However, the NRF’s goal of creating a decentralized Afghan state is likely to result in either a confederation that preserves Afghanistan’s current territorial integrity, or a partition that disrupts it. Decentralization contrasts with a strong federal system where provinces and districts can be subject to decisions from Kabul. Therefore, according to the logic of decentralization, a confederation is the best option for keeping a united Afghanistan, with ethnic minorities, who make up about 40 percent of Afghanistan’s population, controlling their territories and the majority Pashtuns controlling the rest of the country. The NRF’s best-case scenario would be a parallel Pashtun insurgency that replaces the Taliban and unites them into a confederation, perhaps with regional capitals in Mazar-e Sharif and Qandahar, and a weak central government in Kabul to maintain foreign relations while both sides of the country develop their own political, social and security systems.

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However, a confederated Afghanistan is unlikely because the Taliban would never agree to it willingly and would require a total victory over the Taliban, as happened in 2001. between November and December to introduce such a system to the Taliban. Even in 2001 in the fall, the Tajik-dominated units of the Northern Alliance never got very far with the mostly Pashtuns. The defeat of the Taliban in these areas was achieved through a combination of anti-Taliban Pashtun tribal forces, supported by American advisers on the ground, and heavy air support. The NRF probably realizes that such a combination is unlikely to happen again and that they alone cannot defeat the Taliban across Afghanistan without a parallel anti-Taliban Pashtun insurgency. Therefore, the NRF official’s strong emphasis on decentralization suggests that the NRF is only interested in defeating the Taliban in the majority Tajik and other ethnic minority areas of northern Afghanistan. With the Taliban maintaining control in the south and east of Afghanistan and little hope of a political compromise between the two sides, partition is the most likely end result of a successful military campaign by the NRF and other anti-Taliban forces in northern Afghanistan.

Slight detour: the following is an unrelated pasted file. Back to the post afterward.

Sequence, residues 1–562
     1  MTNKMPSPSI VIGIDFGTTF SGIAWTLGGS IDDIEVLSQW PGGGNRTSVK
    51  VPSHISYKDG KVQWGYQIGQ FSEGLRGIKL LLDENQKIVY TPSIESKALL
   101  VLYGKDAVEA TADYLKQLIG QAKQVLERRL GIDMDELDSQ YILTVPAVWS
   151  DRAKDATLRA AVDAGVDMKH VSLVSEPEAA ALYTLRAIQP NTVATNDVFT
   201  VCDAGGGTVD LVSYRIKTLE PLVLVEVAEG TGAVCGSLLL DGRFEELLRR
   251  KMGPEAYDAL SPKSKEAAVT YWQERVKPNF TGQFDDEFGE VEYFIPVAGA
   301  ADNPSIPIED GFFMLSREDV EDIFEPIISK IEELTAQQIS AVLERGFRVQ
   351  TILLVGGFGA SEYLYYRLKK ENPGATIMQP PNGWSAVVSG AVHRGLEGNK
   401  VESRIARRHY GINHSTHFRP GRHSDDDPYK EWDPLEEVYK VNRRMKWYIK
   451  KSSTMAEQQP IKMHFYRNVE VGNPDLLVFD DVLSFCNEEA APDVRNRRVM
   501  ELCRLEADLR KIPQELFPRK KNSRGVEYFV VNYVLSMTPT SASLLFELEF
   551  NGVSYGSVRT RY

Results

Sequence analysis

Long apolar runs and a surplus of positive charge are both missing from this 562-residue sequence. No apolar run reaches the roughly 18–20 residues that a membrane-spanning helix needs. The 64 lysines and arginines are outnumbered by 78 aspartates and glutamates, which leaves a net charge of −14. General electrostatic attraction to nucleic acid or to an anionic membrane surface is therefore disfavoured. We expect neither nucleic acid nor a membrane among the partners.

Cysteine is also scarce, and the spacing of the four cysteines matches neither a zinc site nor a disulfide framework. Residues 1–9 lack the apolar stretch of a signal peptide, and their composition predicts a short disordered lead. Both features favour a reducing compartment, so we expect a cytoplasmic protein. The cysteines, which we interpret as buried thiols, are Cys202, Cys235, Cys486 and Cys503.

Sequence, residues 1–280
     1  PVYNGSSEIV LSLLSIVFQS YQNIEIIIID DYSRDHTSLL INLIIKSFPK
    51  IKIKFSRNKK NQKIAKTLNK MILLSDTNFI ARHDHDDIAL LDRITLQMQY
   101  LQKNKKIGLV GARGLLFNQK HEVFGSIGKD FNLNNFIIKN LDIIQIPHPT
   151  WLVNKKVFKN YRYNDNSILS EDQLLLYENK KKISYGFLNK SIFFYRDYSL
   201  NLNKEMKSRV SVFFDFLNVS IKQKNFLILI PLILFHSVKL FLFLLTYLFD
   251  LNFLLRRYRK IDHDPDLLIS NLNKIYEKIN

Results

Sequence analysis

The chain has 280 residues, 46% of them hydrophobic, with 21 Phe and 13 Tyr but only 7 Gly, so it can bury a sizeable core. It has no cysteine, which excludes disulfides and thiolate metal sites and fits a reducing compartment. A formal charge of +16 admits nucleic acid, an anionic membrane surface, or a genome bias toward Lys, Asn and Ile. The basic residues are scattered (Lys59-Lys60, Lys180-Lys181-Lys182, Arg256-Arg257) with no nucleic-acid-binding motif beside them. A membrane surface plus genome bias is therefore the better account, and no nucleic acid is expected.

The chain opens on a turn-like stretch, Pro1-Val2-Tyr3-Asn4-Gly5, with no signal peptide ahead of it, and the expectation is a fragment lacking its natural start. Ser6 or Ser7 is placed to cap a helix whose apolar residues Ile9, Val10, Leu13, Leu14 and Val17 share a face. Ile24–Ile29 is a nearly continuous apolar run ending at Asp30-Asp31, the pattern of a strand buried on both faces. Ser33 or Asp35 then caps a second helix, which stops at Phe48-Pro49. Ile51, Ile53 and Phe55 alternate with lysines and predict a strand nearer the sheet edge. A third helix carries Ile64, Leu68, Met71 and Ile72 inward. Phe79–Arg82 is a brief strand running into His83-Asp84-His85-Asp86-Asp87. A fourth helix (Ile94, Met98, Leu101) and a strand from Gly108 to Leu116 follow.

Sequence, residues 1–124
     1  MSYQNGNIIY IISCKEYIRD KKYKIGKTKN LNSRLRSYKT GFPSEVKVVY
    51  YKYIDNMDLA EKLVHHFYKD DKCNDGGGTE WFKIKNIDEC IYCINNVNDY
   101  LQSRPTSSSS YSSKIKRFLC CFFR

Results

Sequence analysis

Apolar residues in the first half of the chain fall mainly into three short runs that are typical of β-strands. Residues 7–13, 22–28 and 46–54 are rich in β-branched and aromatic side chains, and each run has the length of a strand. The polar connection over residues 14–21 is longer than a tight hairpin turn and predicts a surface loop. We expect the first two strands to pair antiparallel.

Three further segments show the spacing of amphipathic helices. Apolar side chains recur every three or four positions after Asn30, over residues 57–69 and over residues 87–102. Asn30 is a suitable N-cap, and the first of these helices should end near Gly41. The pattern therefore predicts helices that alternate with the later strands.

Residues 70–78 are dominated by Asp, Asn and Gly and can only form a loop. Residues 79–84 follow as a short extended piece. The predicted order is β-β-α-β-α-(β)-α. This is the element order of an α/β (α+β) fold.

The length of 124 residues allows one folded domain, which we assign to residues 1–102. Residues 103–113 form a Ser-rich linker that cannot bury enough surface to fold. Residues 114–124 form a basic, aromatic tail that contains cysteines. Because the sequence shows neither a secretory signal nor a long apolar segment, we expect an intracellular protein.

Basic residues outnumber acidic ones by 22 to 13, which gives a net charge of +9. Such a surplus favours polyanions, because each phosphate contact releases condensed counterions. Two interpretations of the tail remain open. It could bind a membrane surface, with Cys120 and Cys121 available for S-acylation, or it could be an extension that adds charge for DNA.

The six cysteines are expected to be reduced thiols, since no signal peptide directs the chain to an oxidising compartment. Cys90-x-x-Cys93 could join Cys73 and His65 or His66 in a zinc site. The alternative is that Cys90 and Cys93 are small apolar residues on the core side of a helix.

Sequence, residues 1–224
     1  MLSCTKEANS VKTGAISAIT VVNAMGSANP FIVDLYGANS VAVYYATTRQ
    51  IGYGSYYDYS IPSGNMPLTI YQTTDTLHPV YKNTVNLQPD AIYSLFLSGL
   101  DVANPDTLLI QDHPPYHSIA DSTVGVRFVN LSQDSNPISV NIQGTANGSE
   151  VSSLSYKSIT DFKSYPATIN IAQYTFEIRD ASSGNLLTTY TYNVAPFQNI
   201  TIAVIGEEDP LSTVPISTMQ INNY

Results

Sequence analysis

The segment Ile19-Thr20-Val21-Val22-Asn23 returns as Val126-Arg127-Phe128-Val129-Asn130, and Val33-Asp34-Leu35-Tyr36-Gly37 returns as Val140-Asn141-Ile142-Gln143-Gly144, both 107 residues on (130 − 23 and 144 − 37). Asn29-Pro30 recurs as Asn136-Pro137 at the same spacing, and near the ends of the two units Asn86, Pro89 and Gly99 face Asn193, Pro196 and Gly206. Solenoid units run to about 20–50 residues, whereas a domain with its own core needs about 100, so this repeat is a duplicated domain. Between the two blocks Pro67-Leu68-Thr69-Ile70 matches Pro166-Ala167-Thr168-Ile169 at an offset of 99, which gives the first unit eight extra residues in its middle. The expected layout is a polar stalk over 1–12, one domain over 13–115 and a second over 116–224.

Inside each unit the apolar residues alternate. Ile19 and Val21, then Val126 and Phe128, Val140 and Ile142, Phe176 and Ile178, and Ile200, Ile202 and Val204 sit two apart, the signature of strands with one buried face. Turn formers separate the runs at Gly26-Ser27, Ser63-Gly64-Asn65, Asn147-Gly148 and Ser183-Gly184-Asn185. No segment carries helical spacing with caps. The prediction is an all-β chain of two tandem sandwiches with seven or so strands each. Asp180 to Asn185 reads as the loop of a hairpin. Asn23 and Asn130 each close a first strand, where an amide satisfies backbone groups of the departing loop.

What does this mean for US foreign policy?

The division of Afghanistan is contrary to the general principle of opposition to separatism. Since many states in the world are multi-ethnic, high levels of separatism can lead to a slippery slope to the violation of the territorial integrity of states, and thus the international order. However, the results of separatism were accepted as de jure The United States and the international community many times over the last few decades with the collapse of the Soviet Union, the collapse of Yugoslavia, the velvet divorce of Czechoslovakia, and the separation of South Sudan from Sudan and East Timor from Indonesia. Currently recognized de facto Libya and Somalia, which are divided into two or even three separate, independently functioning regions or mini-states.